Schedule 2 employers are often public organizations (i.e., municipalities) and make up approximately 550 employer accounts at the WSIB. These employers are individually liable, meaning the WSIB pays benefits directly to people injured or ill at work under Schedule 2 and are reimbursed by their employers for the cost of those benefits and the expense of administering them (administration fee).

Claims and Benefits[edit]

Every year, the WSIB receives approximately 250,000 claims and pays over $2.5 billion in benefits. Coverage can include full medical care for people injured at work and wage replacement for as long as necessary until they are able to return to work. In the event of a fatality, the WSIB works with the surviving spouse to provide financial help, assistance re-entering the workforce if necessary, and support to provide for the post-secondary education of dependent children.

It is important to report and claim benefits as soon as possible. People who have experienced a workplace injury or illness have 6 months from the date of the injury to claim their benefits with the WSIB. For a workplace illness, it is generally 6 months from the date of diagnosis. Following the injury or illness, if treatment is needed from a health professional (beyond first aid), the employer is obligated to report it to the WSIB by filling out a Form 7. If the injured or ill person subsequently loses time from work, they must report the injury or illness to the WSIB by filling out and submitting a Form 6.

People who are injured or become ill because of work also have rights and responsibilities under WSIA.

All staff in Ontario workplaces have the right to:

  • Know about potential danger
  • Participate in making their workplace safe
  • Refuse unsafe work

All staff in Ontario workplaces have a responsibility to:

  • Work safely
  • Report unsafe work conditions
  • Wear the right safety equipment for the job

The Claims Process[edit]

When a claim is reported, the WSIB registers the claim and assigns it a claim number - over 90% of eligibility claims are made within two weeks of claim registration. If the claim is allowed, the injured or ill person is contacted and the WSIB begins to collect information from the health care provider (if applicable) and the employer. At this time, the Eligibility Adjudicator will determine if a claim needs support and if it does, the claim will be sent to a dedicated team of Nurse Consultants and Return-to-Work Specialists. From here, a Case Manager, Return-to-Work Specialist and Nurse Consultant work with the workplace parties to arrange for return to work and recovery.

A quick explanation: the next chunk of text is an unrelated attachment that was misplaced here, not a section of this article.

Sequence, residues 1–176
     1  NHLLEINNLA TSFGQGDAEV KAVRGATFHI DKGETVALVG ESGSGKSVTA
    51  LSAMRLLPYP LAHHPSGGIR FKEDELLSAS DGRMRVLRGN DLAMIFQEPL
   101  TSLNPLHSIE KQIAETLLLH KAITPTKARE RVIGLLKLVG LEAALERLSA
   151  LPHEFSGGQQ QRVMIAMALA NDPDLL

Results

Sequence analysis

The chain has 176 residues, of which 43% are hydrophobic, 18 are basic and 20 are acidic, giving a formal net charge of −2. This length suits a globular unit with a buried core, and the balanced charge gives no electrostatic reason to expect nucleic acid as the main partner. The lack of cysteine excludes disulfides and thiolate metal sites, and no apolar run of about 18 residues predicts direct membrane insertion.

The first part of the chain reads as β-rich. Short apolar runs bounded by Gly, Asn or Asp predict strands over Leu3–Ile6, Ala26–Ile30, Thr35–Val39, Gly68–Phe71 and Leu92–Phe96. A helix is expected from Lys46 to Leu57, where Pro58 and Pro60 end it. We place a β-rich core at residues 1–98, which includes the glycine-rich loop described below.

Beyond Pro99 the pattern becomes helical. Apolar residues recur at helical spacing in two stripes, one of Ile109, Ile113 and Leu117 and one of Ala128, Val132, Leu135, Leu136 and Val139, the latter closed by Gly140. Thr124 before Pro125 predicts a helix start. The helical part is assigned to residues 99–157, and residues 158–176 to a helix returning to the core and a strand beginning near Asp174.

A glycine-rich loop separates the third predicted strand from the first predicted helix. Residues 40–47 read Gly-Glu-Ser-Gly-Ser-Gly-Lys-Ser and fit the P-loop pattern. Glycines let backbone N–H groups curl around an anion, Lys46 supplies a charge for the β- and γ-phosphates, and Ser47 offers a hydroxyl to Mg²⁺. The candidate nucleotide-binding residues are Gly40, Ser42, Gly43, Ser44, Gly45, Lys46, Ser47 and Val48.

Financial Sustainability[edit]

After reaching a high of $14.2 billion in 2011, the WSIB eliminated its Unfunded Liability (UFL) in Q2 2018, almost 10 years ahead of the legislated deadline of December 31, 2027. The UFL was the shortage between the money needed to pay future benefits to people injured at work for all established claims, and the money that was in the insurance fund. The elimination of the UFL was accomplished as a result of:

  • Premiums exceeding those needed to cover claims and administrative costs
  • Better than expected investment returns
  • Fewer claims
  • Better recovery and return to work

WSIB Leadership[edit]

The WSIB's Board of Directors is composed of the Chair, the President and CEO, and seven to nine members, who are appointed by the Lieutenant Governor of Ontario. The Board governs the WSIB on:

  • Workplace safety/reducing injury, disease and fatalities
  • Administering the insurance plan
  • Providing compensation and other benefits to injured workers and their survivors
  • Facilitating workers' recovery, return to work and re-entry into the labour market